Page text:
Focus: ICT

No Hangups for Growth

No Hangups for Growth

Apr. 29, 2013

With many of the region's economies contracting in 2009, the Dominican Republic's continued growth over the period permitted investment in telecommunications and broadband infrastructure to remain strong. Broadband penetration has grown from 4.6% in 2010 to over 5% in 2012, while fixed-line telephony experienced modest growth from 10.4% to 10.6% over the same period. Meanwhile, mobile subscriber penetration dropped slightly from 91.5% to 91.3%, as the trend toward multi-SIM usage began to fall away.

In an effort to open up services in rural areas, INDOTEL allocated more of the digital spectrum to mobile services, in a move that will encourage greater coverage in underserved areas. Furthermore, the regulator has also solicited funds from the World Bank for a national fiber-optic network in order to project voice and broadband services into those areas.

In the IT arena, the country is making steps to strengthen its software development base while also promoting its growing list of business process outsourcing (BPO) companies. Mainly located at the Parque Cibernética, the country's premier technology park dedicated to the nearshore provision of IT and call center services, the country now hosts 35 call centers and BPO companies, as well as 50 software development firms.


Like the rest of the sector, the Dominican Republic's mobile telecoms segment is fully private. The mobile penetration rate, which is in line with regional averages, stands at 91.3%. While this reflects a drop off from 91.5% in 2010, the slowdown in new subscriptions is seen as a result of market saturation and a trend pushing away from multi-SIM usage, as has been the norm in developing economies in recent years, as mobile operators consolidate their offerings.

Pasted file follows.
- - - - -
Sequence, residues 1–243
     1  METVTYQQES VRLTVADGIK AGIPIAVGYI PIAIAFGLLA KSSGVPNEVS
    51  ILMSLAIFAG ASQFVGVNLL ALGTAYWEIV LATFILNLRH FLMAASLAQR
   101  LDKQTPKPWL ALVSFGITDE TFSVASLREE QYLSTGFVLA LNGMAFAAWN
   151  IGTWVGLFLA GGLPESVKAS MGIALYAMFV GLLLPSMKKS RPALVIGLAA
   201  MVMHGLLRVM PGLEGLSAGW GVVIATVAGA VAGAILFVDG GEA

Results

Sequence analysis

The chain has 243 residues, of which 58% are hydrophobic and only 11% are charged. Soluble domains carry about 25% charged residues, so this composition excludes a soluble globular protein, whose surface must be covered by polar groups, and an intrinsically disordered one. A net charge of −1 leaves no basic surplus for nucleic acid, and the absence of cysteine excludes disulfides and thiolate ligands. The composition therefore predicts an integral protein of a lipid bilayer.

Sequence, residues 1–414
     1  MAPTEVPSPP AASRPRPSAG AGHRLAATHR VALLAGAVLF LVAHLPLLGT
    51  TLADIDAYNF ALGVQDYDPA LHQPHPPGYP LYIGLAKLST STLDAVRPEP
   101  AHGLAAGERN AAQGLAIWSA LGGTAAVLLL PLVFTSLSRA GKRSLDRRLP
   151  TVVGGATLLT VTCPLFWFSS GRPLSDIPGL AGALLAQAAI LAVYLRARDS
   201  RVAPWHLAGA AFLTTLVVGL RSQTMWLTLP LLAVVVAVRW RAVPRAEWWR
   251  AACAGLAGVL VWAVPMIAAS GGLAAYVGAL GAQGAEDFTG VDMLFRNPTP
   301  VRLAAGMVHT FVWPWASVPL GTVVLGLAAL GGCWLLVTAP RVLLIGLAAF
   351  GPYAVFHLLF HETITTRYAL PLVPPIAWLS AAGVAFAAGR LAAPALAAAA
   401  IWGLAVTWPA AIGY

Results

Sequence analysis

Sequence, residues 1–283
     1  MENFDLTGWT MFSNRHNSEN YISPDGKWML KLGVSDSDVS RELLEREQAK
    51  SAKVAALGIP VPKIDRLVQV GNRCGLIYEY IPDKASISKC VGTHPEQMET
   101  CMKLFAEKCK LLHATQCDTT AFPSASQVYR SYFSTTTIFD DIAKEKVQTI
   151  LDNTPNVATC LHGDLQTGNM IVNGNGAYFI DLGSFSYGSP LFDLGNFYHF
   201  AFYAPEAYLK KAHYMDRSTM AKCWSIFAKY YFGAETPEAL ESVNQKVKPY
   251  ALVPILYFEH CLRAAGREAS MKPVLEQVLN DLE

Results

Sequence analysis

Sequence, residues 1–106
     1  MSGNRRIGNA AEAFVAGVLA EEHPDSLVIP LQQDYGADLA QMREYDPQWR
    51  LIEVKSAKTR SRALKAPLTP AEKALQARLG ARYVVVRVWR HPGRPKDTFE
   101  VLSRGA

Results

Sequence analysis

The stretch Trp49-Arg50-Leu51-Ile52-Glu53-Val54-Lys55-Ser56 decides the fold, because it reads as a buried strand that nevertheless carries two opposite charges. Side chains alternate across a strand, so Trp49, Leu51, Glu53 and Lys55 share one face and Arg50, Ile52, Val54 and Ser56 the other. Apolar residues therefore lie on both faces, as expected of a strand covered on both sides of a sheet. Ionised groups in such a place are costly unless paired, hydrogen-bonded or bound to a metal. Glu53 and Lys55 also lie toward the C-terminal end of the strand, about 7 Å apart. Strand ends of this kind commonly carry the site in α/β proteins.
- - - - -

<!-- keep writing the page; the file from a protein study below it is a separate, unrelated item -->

The market is currently disposed toward pre-paid lines, with over 7 million of the country's almost 9 million users opting for its service. Smartphone uptake has been high in the country, a fact that has also brought in data revenues across the board. While broadband penetration remains low at around 5%, overall internet penetration is estimated to be much higher due to those using mobile devices to surf the web. Huawei is one of the latest entrants into the smartphone market, and the company has 80 employees on the ground in the Dominican Republic. The company also works with the country's major telecoms providers and is developing LTE infrastructure.

The country's mobile service providers include Trilogy International Partners, which operates under the Viva brand, Claro República Dominicana, which operates the Claro brand and is a subsidiary of América Móvil, Telecable de Tricom, which operates the Tricom brand, and Orange Dominicana, a subsidiary of France Télécom. While competition remains intense, Viva's Executive President Tomás Pérez-Ducy highlights the need for modernization and regulatory evolution, “particularly the cost of cross-operator connection charges," if the end user is to see the benefits.

While much of the world awaits 4G, Orange Dominicana has taken the first steps toward a nationwide LTE service offering in the country. Launched in mid-2012, its service initially offered high-speed data downloads to the Santo Domingo region. The firm invested $150 million in the project and offers download speeds of up to 100 MB/s.


Despite possessing relatively advanced digital telecoms infrastructure, fixed-line penetration is low compared to Latin American averages. Mobile penetration is almost 10 times higher than fixed-line penetration, which currently stands at 10.6%, up only a tiny fraction from 10.4% in 2010. Mobile operators Claro and Tricom also offer fixed-line services, alongside WIND Telecom and OneMax. INDOTEL remains committed to increasing the number of fixed lines in the country, especially in rural regions. It currently operates a policy to provide fixed-line telecoms to all rural communities with more than 300 inhabitants. INDOTEL also inked a deal with Codetel, now Claro, back in 2008 in order to invest $100 million in rural connectivity. While Claro is the largest landline provider, Tricom is the second largest provider.